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People vs. Rodrigueza, 205 SCRA 791 (1992)
The police officers of Ibalon, Legaspi City, received a confidential information regarding an ongoing illegal traffic of prohibited drugs in Tagas, Daraga, Albay. The police officer (Taduran) acted as a poseur-buyer. He was told by the informant to look for a certain Don, the alleged seller of prohibited drugs. Taduran went to Tagas alone and, while along the road, he met Samuel Segovia. He asked Segovia where be could find Don and where he could buy marijuana. Segovia left for a while and when be returned, he was accompanied by a man who was later on introduced to him as Don. After agreeing on the price (P200.00) for 100 grams of marijuana, Don left Taduran and Segovia and when he came back, he’s already bringing with him a plastic containing Marijuana. Thereafter, Taduran returned to the headquarters and made a report regarding his said purchase of marijuana. Based on that information, they apprehended the accused without a warrant of arrest. Thereafter, NARCOM agents raided without a search warrant the house of the father, Jovencio Rodrigueza.
During the raid, they were able to confiscate dried marijuana leaves and a plastic syringe, among others. The next 2 days, the father was released and Don and co-accused remained. The three accused (Don, Segovia, Lonceras) presented different versions of their alleged participation. RTC found Don Rodrigueza guilty beyond reasonable doubt of violating Section 4, Article II of the Dangerous Drugs Act of 1972 (Republic Act No. 6425, as amended) while the two co-accused were acquitted.
Whether or not the right against unreasonable search and seizures warrantless arrest was violated.
As provided in the present Constitution, a search, to be valid, must generally be authorized by a search warrant duly issued by the proper government authority. In the case at bar, however, the raid conducted by the NARCOM agents in the house of Jovencio Rodrigueza was not authorized by any search warrant. Hence, appellant's right against unreasonable search and seizure was clearly violated. The NARCOM agents could not have justified their act by invoking the urgency and necessity of the situation because the testimonies of the prosecution witnesses reveal that the place had already been put under surveillance for quite some time. Had it been their intention to conduct the raid, then they should, because they easily could, have first secured a search warrant during that time.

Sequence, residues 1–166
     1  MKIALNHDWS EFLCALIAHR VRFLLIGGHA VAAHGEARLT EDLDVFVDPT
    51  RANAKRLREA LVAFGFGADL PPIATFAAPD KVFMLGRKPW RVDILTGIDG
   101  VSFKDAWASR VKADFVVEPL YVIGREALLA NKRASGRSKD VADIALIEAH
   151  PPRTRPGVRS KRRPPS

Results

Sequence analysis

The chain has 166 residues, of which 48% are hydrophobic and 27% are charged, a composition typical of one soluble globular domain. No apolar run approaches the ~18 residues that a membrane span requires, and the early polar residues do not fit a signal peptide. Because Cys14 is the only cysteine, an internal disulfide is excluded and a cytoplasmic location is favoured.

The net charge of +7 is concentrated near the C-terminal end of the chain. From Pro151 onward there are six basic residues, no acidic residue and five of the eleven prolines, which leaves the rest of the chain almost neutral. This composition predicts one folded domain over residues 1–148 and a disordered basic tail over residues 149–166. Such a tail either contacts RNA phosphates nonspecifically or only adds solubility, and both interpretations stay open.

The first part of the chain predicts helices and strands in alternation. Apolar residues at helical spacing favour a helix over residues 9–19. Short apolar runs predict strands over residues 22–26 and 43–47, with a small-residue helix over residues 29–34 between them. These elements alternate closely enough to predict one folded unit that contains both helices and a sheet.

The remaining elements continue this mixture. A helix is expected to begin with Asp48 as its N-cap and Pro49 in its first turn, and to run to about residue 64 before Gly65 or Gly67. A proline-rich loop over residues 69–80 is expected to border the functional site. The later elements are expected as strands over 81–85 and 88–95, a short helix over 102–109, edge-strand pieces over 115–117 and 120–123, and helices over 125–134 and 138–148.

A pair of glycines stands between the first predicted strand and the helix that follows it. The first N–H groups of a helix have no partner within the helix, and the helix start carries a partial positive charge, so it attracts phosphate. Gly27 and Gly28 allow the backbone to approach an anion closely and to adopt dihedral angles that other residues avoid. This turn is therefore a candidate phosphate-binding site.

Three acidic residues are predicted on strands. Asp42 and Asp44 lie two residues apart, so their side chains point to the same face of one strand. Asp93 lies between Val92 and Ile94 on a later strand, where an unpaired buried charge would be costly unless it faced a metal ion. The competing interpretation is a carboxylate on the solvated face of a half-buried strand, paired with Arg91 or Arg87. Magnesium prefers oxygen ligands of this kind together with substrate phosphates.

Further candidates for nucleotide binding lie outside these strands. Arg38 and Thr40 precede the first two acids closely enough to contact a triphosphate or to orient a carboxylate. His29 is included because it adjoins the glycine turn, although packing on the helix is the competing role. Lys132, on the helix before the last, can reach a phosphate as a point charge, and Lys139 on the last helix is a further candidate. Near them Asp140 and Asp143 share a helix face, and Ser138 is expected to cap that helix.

From the records of the case, Taduran bought 100 grams of marijuana from Don but the evidence presented were the prohibited articles were among those confiscated during the so-called follow-up raid in the house of Jovencio Rodrigueza.
The unanswered question then arises as to the identity of the marijuana leaves that became the basis of appellant's conviction. In People vs. Rubio, this Court had the occasion to rule that the plastic bag and the dried marijuana leaves contained therein constitute the corpus delicti of the crime. As such, the existence thereof must be proved with certainty and conclusiveness. Failure to do so would be fatal to the cause of the prosecution.
Finally, the Court has repeatedly ruled that to sustain the conviction of the accused, the prosecution must rely on the strength of its own evidence and not on the weakness of the defense. As clearly shown by the evidence, the prosecution has failed to establish its cause. It has not overcome the presumption of innocence accorded to appellant. This being the case, appellant should not be allowed to suffer for unwarranted and imaginary imputations against him.